Published Online: 1 April 1983
Page Count: 4
Chairman of Communications Studies Program, University of California, Los Angeles,
(Received 2 August 1982; accepted 9 August 1982)
Communications to jurors entail not only primary content—the subject matter of the testimony—designated as the message, but also secondary content emanating from the witnesses as sources, from peripheral aspects of the message itself, and from the environment of the trial—designated as the paramessage. Interviews with jurors after a trial involving extensive expert testimony to introduce a new technology for identification evidence, popularly referred to as “voiceprinting,” found they responded mainly to the paramessage. The general implication is that when confronted with complex or confusing testimony, expert or otherwise, jurors will shift their focus to observable characteristics of the sources of the information, or to other ancillary elements of the situation, and will be guided in their response by information and inferences derived from such data.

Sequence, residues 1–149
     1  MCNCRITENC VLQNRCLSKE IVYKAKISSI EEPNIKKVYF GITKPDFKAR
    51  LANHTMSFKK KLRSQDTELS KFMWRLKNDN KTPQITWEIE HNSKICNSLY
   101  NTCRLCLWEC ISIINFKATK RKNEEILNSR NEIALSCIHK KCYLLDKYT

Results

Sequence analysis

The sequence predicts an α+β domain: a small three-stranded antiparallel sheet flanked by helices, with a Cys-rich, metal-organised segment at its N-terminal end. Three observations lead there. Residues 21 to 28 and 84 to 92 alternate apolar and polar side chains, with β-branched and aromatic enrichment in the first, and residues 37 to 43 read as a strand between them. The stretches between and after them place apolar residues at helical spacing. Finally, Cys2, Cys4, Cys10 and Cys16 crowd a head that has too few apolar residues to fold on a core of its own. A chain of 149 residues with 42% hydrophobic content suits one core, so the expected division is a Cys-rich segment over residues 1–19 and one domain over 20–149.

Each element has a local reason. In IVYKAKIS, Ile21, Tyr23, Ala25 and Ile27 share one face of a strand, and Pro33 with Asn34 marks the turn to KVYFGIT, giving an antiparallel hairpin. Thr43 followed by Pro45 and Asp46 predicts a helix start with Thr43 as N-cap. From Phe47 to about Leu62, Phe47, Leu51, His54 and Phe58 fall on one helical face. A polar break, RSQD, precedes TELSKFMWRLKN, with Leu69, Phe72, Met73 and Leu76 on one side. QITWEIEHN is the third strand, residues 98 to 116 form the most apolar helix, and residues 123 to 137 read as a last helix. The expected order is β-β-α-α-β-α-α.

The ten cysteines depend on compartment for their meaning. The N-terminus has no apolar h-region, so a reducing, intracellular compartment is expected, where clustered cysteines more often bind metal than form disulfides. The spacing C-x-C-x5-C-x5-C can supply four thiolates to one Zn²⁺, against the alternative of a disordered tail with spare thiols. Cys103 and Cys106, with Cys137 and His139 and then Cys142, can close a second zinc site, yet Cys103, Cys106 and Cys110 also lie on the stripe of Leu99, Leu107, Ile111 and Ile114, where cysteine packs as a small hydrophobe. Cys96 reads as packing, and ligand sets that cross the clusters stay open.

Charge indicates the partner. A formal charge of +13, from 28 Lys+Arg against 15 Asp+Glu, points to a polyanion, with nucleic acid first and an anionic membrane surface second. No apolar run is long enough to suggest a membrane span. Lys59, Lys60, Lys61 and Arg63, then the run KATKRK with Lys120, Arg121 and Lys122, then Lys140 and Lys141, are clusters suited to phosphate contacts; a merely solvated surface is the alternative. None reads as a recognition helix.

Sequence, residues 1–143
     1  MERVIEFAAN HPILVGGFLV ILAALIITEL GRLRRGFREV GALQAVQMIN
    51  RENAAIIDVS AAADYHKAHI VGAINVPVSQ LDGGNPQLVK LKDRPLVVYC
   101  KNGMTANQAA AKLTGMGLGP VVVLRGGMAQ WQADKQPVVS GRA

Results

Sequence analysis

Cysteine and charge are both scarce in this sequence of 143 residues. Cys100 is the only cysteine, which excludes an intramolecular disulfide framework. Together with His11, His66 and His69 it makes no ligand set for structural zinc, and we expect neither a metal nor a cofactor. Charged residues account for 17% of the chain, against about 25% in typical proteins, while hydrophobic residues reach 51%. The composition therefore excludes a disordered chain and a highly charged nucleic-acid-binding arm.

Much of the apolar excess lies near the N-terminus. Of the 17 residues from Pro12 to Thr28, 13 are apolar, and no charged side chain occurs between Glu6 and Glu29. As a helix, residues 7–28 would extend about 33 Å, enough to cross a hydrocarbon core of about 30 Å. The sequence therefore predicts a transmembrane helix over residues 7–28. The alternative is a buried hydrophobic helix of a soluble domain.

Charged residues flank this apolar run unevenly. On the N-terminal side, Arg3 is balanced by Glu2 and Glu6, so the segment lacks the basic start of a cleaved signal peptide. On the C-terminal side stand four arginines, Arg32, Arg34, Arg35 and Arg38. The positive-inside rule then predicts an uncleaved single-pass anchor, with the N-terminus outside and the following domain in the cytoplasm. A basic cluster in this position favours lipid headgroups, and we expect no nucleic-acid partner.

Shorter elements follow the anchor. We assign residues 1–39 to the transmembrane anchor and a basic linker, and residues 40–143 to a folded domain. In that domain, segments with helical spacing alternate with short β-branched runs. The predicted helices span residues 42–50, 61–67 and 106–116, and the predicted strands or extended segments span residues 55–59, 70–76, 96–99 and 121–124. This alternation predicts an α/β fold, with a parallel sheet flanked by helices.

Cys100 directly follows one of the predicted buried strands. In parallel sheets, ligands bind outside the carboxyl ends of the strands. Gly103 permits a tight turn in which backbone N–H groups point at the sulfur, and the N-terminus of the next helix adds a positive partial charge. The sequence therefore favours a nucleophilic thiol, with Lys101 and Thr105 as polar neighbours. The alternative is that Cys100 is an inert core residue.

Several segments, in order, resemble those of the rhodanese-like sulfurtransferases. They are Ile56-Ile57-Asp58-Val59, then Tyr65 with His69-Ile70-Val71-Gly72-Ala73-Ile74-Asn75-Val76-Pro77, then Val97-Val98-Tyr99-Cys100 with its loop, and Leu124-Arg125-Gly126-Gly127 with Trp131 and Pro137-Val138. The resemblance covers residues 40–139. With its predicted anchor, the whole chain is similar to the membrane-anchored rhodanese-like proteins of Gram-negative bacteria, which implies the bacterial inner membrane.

Paper ID: JFS11541J